[uf-rest] REST opacity and URL schemes.

Dan Kubb dan.kubb at autopilotmarketing.com
Sat Apr 22 22:43:26 PDT 2006

Hash: SHA1

>> * If "/books/4" represents the "record", the PUT would need to  
>> contain _everything_ about that record; synthesizing additional  
>> fields (like last modified) seems like 'cheating', and  
>> inconsistent with PUT semantics
> Could you tell me what other resources than http://www.w3.org/ 
> Protocols/rfc2616/rfc2616-sec9.html expand on this interpretation  
> of PUT? My naive reading of 9.6 PUT seems to be that it talks all  
> about updating and modifying. Not necessarily only complete  
> replacements. But I'm new here, so perhaps I just have an  
> incomplete picture.
> I will say that PUT would seem a ton more useful if it didn't have  
> as strict a usage pattern as you imply. If that's the case, PUT  
> seems to be unusable for most web application purposes. And if  
> that's the case, I really question whether its worth doing other- 
> verbs-over-post mapping at all in Rails. Doesn't seem worth the  
> trouble just to get DELETE.

I think its important to separate what PUT was intended to do by
the spec authors, and what PUT has been used for in specific

People familiar with PUT normally think of it in a WebDAV way
where it only makes sense to completely replace an existing file
with a new file.  In most cases it doesn't make sense to replace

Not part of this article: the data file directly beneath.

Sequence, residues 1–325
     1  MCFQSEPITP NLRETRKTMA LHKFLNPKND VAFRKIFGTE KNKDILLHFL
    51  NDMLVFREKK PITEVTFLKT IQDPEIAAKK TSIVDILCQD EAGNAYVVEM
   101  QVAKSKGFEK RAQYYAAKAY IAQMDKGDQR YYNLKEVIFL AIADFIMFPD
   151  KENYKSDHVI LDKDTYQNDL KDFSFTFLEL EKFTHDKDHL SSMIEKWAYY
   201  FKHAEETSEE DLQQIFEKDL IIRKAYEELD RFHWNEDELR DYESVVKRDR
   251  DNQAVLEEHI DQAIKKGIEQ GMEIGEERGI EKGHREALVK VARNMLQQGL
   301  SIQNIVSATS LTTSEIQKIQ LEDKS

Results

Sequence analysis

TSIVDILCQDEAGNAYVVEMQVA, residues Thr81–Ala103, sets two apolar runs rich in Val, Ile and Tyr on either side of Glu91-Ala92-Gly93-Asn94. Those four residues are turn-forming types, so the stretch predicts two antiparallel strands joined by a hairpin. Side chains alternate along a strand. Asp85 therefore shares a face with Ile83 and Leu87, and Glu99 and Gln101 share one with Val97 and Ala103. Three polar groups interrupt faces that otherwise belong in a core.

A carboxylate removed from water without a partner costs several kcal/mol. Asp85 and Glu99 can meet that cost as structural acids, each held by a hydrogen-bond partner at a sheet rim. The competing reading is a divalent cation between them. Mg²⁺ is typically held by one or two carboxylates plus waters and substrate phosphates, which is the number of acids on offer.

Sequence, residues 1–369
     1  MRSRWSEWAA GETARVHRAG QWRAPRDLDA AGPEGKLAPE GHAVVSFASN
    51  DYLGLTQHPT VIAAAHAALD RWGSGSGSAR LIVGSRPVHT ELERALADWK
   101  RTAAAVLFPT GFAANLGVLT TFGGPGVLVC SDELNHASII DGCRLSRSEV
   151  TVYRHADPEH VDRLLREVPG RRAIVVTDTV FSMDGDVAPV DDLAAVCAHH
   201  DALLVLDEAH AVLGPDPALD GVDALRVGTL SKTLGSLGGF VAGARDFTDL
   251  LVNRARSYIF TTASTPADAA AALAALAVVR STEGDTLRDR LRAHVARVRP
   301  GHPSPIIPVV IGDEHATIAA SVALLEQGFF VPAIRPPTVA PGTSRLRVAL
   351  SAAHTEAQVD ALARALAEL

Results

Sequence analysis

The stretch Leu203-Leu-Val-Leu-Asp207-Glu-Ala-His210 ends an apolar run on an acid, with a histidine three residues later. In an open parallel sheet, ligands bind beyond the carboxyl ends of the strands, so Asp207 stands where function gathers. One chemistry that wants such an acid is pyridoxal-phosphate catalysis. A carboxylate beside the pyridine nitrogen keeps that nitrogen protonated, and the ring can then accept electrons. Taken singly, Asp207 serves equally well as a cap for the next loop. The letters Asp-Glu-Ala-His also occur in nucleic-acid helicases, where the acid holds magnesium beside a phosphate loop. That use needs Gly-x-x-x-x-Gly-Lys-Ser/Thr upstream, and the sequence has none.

a part of a file with a chunk of data.

Just because its used this way in WebDAV doesn't mean that
its the only way PUT can be used.

The specs that David references is clear on the differences
between POST and PUT:

   The fundamental difference between the POST and PUT requests is
   reflected in the different meaning of the Request-URI. The URI
   in a POST request identifies the resource that will handle the
   enclosed entity. That resource might be a data-accepting process,
   a gateway to some other protocol, or a separate entity that
   accepts annotations. In contrast, the URI in a PUT request
   identifies the entity enclosed with the request -- the user
   agent knows what URI is intended and the server MUST NOT attempt
   to apply the request to some other resource. If the server
   desires that the request be applied to a different URI, it MUST
   send a 301 (Moved Permanently) response; the user agent MAY then
   make its own decision regarding whether or not to redirect the  

   (from http://rfc.net/rfc2616.html#s9.6)

So this means that POST is a way of sending data to a resource
that handles the request directly and/or can delegate the handling
to something else at its discretion.  PUT is a way of changing
the state of a resource explicitly identified by its URI.

The spec is even pretty explicit that it doesn't dictate how PUT
should be handled by the server:

   HTTP/1.1 does not define how a PUT method affects the state of an  
origin server.

   (from http://rfc.net/rfc2616.html#s9.6)

This sentence is the key -- the spec goes out of its way to
say it does not impose any restriction on what PUT should do
except to say that state will change in some way that is
application specific.

In this light I see no reason that PUT cannot be used to update
specific attributes of a resource.  If you *could not* use PUT
in any other way except as a total replace function I would assert
that it has pretty much zero value outside of the file management

- --



Dan Kubb
Autopilot Marketing Inc.

Email: dan.kubb at autopilotmarketing.com
Phone: 1 (604) 820-0212
Web:   http://autopilotmarketing.com/
vCard: http://autopilotmarketing.com/~dan.kubb/vcard

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